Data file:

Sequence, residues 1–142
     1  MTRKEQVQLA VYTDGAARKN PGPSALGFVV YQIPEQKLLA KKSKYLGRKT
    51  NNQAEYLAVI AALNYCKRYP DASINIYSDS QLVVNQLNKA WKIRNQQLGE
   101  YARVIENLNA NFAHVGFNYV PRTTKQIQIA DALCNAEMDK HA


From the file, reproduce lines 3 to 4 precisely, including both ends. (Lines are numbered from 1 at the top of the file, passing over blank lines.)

    51  NNQAEYLAVI AALNYCKRYP DASINIYSDS QLVVNQLNKA WKIRNQQLGE
   101  YARVIENLNA NFAHVGFNYV PRTTKQIQIA DALCNAEMDK HA